Hello, this is Simon.
My son has started teething. It has become quite apparent because he will chew anything that he can get his hands on. If he can’t chew on something, he gets very grumpy. So, we give him these kind of hard biscuits called rusks for it. My sister actually sent some a couple of years ago for when my daughter was teething, and they have been a lifesaver.
The problem is that he has been chewing through them like they were candy, because he loves them so much, and so the supply started running very low at one point. I asked my mother to send some more, but she had a lot trouble getting hold of them. She told me that they are as rare as hen’s teeth at the moment.
However, after searching far and wide, she fortunately was able to find one shop that had a few boxes left. She got them all ready to go, but then had difficulty sending them. It seemed that the post office had completely changed their system sometime during the pandemic, and they were still having teething problems. After a lot of toing and froing she finally managed to get them sent, and they arrived just as we had gotten down to our last rusk. It seems we were saved by the skin of our teeth.
I can’t imagine what it would have been like if we had run out. It would have made for a very grumpy little boy. I couldn’t blame him for getting upset either. He isn’t even one yet, and it’s not like we can just sit him down and tell him to grit his teeth and bear it.
Anyway, as I write this I can hear him chomping on one in the background. I just turned around to look at him and got a toothy grin from a very happy little boy.
Since my son has been teething, I thought it would be a good chance to to introduce some words and idioms that are related to teeth.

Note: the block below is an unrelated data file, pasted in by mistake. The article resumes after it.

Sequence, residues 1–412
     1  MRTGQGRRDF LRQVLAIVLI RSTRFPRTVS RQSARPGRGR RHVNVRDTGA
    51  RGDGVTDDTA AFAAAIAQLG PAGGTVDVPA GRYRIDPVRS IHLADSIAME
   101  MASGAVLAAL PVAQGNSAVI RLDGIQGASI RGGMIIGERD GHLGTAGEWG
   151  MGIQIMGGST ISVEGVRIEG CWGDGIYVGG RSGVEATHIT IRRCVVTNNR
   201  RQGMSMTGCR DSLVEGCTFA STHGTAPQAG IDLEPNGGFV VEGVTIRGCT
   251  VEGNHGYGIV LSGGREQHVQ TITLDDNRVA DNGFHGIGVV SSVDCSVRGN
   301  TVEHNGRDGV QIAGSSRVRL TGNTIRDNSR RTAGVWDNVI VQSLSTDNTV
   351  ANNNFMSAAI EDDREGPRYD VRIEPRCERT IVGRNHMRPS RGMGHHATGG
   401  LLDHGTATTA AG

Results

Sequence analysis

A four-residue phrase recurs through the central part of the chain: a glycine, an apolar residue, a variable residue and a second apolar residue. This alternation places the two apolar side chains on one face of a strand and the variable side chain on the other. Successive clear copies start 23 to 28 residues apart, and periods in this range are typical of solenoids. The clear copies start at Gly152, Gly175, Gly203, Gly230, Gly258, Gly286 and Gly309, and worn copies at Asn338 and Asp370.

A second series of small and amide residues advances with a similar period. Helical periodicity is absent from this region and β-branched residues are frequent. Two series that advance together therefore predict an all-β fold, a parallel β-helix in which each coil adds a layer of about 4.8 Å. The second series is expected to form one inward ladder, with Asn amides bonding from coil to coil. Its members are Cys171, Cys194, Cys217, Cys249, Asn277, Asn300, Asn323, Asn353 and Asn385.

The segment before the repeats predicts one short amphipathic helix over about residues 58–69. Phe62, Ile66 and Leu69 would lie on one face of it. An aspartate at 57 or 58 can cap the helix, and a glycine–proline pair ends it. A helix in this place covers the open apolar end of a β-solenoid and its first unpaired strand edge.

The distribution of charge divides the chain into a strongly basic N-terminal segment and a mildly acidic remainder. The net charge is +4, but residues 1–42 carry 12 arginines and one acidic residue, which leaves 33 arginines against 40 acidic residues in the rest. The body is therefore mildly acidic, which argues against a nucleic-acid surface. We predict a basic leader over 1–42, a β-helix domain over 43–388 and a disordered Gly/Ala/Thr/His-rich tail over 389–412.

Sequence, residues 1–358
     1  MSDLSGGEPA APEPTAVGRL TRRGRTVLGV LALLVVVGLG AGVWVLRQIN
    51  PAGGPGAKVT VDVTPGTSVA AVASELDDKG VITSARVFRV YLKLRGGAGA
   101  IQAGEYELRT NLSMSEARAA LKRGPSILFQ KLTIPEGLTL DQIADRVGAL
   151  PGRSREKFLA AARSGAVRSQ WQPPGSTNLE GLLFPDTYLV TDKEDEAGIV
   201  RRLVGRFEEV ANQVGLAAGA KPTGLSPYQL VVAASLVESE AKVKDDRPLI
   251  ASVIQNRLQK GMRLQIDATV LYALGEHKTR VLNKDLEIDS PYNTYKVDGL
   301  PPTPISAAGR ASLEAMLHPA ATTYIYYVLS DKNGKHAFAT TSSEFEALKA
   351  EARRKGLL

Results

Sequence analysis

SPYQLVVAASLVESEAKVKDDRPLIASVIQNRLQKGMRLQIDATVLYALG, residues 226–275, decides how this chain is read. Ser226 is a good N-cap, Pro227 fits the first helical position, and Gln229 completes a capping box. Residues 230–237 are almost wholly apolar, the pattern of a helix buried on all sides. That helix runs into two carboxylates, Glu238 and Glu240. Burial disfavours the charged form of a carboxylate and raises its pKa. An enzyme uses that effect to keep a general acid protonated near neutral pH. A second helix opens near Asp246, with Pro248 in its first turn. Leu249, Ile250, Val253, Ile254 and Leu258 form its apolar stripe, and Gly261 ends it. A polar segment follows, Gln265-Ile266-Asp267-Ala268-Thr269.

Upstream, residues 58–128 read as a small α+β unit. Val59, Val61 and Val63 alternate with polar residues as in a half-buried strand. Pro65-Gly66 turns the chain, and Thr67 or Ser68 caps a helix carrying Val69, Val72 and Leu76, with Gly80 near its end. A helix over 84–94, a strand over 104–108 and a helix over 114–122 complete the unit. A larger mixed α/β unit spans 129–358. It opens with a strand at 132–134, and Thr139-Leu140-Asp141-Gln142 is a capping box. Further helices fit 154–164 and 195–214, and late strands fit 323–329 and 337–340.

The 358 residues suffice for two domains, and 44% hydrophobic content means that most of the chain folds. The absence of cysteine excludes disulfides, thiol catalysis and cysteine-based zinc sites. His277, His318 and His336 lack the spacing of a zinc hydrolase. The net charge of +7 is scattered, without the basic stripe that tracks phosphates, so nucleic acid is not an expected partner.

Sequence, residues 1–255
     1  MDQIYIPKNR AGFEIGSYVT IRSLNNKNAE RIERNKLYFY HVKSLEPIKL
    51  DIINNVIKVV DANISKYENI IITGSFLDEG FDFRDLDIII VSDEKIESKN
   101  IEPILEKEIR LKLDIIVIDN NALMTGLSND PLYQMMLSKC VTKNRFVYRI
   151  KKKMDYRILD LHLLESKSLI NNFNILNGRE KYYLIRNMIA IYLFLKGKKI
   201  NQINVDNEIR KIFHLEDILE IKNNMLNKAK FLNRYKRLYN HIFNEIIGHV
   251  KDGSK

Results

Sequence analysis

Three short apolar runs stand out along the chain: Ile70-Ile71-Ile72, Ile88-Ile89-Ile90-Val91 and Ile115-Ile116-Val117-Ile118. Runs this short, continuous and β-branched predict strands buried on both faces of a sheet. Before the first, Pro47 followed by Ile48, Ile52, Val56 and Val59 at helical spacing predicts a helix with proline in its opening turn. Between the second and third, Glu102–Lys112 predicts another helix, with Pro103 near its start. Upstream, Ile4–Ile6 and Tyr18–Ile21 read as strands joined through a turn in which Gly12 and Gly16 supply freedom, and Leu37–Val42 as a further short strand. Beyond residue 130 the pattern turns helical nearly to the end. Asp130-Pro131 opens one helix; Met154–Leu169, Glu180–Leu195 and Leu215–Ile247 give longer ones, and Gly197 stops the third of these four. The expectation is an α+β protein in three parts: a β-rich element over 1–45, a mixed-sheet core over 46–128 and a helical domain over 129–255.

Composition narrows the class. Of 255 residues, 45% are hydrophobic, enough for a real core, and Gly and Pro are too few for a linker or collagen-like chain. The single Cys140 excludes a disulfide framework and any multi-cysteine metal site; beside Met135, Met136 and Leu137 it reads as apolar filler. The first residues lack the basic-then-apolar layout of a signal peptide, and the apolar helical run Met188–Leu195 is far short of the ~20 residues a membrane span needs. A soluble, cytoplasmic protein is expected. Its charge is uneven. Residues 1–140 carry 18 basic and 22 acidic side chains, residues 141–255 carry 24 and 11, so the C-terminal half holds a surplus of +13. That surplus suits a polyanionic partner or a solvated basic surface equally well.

The verb to “teethe” is the process where a baby or small child’s teeth begin to appear, which usually causes them discomfort (e.g. Our puppy is currently teething, so she is chewing u everything in the house.)
“chewing through them”
To “chew through” something means to use or consume it, usually at a fast rate (e.g. My new printer chews through ink cartridges like you wouldn’t believe./My hay fever was so bad that I chew through a whole box of tissues last night.)
“rare as hen’s teeth”
The phrase “rare as hen’s teeth” means incredibly scarce or rare, or very incredibly difficult to find or get hold of. Just think, how many hen’s teeth have you ever seen (e.g. I managed to get my hands on a superman comic from the original series. They’re as rare as hen’s teeth.)
“they were still having teething problems”
The noun “teething problems” problems that occur with something new, or that occur in the early stages of something, just as teething and the troubles that come with it occurs in the early stages of a person’s development (e.g. We are having some teething problems with the newly installed network, but we hope to get them resolved by the end of the week.)
“saved by the skin of our teeth”
To be “saved by the skin of your teeth” means to escape a problem or manage to get something done by the narrowest of margins (e.g. He got out of losing his job by the skin of his teeth./We made the deadline by the skin of our teeth.)
“grit his teeth”
To “grit” your teeth means to clench your teeth tightly when facing something annoying or unpleasant. It is also used to mean to show determination in dealing with an unpleasant situation (e.g. I really don’t like dieting, but it I want to lose weight, I’ll have to grit my teeth and push through it.)
A “toothy grin” is a broad smile in which you show all of your teeth.
Spring is in the air! I hope you are enjoying this lovely warm weather.
See you next month!
Hello! My name is Simon.
I am from New Zealand, and have been living and teaching English in Japan since 1999.
My hobbies include movies, playing the guitar, gardening and hiking.